My Child is Having a Panic Attack
The principles of nonviolent resistance hold promise to reduce escalation.
Posted March 10, 2017
My child is having a panic attack. Or maybe it is not quite a panic attack as defined by the DSM-5 (Diagnostic and Statistical Manual of the American Psychiatric Association, 5th edition) but more like emotional flooding, a drowning in exaggerated negative feelings. Some of these reactions are of panic, but they also include biased thoughts of personalization (“It’s all my fault”), overgeneralization (“I’ll never be able to….”), and much self-loathing (“I’m a loser.”) She phones me 10 times over and over, though her cell phone battery is running out of juice. I tell her she needs to stop calling in case I can’t find her where she’s waiting in the city. After we are both safely home, I feel exhausted and incompetent. My family thinks they understand, but they don’t really, because they do not receive these hysterical phone calls, the welling up of extreme, irrational emotions and temporary loss of rational thought. Though my child and I talk about the incident the next day, and I think we have each learned better ways of coping with the triggers, a few weeks later the phone calling, the emotional flooding, reoccurs.
So how can we help our loved ones deal with these incidences of such overwhelming emotion? Fear and anxiety are part of most children’s and adolescents’ lives, and emotional flooding is not infrequent in children and young adults with ADHD and other mental disorders such as bipolar disorder. One practice I am considering is that of nonviolent resistance (NVR), a systematic approach for helping parents, teachers, and other caregivers cope with children’s violent and self-harmful behaviors by utilizing only nonviolent and non-escalating means (Omer, 2004). As Haim Omer and Eli Lebowitz recently explained in the Journal of Marital and Family Therapy, NVR entails five treatment steps. The step that seems most relevant and promising as a way to help our children cope with emotional flooding and panic attacks is called “antiescalation training,” for which the authors have created three catchphrases.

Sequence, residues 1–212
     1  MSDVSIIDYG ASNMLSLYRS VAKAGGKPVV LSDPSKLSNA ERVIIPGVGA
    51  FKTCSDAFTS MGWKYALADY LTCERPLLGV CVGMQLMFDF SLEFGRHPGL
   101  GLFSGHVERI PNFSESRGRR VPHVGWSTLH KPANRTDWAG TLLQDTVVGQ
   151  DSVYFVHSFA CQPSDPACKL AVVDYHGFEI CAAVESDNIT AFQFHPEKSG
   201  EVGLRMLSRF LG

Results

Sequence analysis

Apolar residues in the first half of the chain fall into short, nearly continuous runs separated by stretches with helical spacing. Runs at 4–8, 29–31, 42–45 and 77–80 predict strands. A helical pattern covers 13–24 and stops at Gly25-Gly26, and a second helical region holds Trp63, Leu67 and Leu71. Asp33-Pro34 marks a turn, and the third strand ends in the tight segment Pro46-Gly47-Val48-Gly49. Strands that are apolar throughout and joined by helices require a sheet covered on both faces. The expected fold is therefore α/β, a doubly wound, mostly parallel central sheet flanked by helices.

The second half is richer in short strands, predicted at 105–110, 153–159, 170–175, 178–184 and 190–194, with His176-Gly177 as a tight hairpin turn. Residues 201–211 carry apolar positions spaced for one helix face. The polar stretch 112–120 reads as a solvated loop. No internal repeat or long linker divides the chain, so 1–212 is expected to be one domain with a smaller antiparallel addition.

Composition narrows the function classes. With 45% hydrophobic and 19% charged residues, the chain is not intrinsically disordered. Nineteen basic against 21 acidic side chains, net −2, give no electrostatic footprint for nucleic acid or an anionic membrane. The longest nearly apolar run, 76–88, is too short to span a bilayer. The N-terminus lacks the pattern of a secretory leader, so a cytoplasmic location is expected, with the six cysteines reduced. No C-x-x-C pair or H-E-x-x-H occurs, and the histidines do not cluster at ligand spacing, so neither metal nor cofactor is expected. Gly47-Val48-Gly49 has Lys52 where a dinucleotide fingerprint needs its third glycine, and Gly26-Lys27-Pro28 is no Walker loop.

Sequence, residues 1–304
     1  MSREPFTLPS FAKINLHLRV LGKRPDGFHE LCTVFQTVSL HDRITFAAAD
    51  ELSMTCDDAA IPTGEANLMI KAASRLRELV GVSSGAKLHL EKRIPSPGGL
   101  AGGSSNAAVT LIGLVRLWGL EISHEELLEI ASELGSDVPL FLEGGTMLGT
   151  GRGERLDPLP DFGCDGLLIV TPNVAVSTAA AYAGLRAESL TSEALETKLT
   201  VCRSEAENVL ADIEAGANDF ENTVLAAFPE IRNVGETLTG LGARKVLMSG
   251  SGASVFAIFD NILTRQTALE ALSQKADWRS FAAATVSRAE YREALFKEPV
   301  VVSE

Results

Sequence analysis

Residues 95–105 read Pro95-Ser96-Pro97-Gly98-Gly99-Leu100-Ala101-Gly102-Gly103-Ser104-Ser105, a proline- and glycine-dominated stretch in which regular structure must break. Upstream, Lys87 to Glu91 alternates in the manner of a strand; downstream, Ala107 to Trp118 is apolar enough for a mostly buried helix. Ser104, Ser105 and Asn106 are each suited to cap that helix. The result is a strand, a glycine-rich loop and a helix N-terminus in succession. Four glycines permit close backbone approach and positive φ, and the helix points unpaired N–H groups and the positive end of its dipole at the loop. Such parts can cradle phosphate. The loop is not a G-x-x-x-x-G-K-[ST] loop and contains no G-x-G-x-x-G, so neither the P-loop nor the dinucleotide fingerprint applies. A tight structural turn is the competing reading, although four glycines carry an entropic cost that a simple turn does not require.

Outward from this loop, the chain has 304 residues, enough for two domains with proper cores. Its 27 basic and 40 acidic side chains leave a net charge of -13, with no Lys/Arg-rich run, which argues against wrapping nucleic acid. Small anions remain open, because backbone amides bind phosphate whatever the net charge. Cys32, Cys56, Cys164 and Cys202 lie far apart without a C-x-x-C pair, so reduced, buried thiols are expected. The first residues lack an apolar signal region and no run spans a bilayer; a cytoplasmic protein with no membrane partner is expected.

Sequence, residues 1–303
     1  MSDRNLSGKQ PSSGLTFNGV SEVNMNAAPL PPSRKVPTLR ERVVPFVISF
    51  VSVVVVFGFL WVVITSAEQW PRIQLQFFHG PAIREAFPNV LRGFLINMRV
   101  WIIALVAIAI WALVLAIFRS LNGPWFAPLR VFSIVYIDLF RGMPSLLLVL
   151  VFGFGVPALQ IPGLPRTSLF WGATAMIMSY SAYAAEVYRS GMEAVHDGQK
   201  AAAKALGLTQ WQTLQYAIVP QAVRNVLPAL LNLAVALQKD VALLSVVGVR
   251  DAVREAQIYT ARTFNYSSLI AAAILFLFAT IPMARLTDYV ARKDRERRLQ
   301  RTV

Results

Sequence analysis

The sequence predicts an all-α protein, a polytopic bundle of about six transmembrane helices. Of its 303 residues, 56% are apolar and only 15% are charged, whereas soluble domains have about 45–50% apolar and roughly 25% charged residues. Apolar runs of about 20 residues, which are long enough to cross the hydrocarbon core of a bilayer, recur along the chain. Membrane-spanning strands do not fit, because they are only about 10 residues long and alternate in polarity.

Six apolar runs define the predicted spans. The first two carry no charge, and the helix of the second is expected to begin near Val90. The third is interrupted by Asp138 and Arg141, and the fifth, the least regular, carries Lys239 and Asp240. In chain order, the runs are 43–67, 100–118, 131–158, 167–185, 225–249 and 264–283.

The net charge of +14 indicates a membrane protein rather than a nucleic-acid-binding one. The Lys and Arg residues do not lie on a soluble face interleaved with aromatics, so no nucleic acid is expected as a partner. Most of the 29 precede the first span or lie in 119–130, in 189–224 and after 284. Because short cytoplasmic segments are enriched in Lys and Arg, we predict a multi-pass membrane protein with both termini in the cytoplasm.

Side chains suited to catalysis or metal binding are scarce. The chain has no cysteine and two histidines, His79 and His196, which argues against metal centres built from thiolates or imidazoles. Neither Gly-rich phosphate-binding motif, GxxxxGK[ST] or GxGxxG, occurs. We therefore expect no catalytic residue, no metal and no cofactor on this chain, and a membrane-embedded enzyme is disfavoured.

First, “strike the iron, when it is cold!” In other words, parents need to overcome the urge to immediately respond to the child’s behaviors. The reason is that we want to avoid acting when we are most aroused (and irrational ourselves). Instead we help ourselves and model for our children taking, literally, a breather, a pause. In particular, Omer and Leibowitz recommend that we learn to take an actual deep breath, delay the temptation for immediate (re)action, and develop a plan.
Second, “you can’t control the child, but only yourselves!” This phrase aims to replace parents’ impulses to control the child by modulating one’s own emotions and not losing one’s own “cool” rather than mirroring them, which is more automatic.
Lastly, “you don’t have to win, but only to persist!” Parents are encouraged to change the time span of “this must be fixed now” to a longer time span that considers interactions and incidents over days, weeks, and, even, months.
But buyer beware: NVR is a relatively new approach for helping caregivers reduce children’s aggressive behaviors; its application to other problems has not been thoroughly studied. Many studies have found that the most effective evidence-based treatment for children and adolescents with flooding’s closest cousin, anxiety, is the combination of cognitive behavioral therapy and medication, particularly SSRIs (selective serotonin reuptake inhibitors, such as Prozac and Zoloft). However, 20 percent of children with anxiety do not respond to those two therapies. Even for those that do, it seems essential for parents and other caregivers to have additional “tricks” in their bag, especially those with no cost or side effects. NVR will be one method that I will try.
Omer, H. (2004). Nonviolent resistance: A new approach to violent and self-destructive children. New York: Cambridge University Press.
Omer, H., & Lebowitz, E. R. (2016). Nonviolent resistance: Helping caregivers reduce problematic behaviors in children and adolescents. Journal of Marital and Family Therapy, 42, 688-700.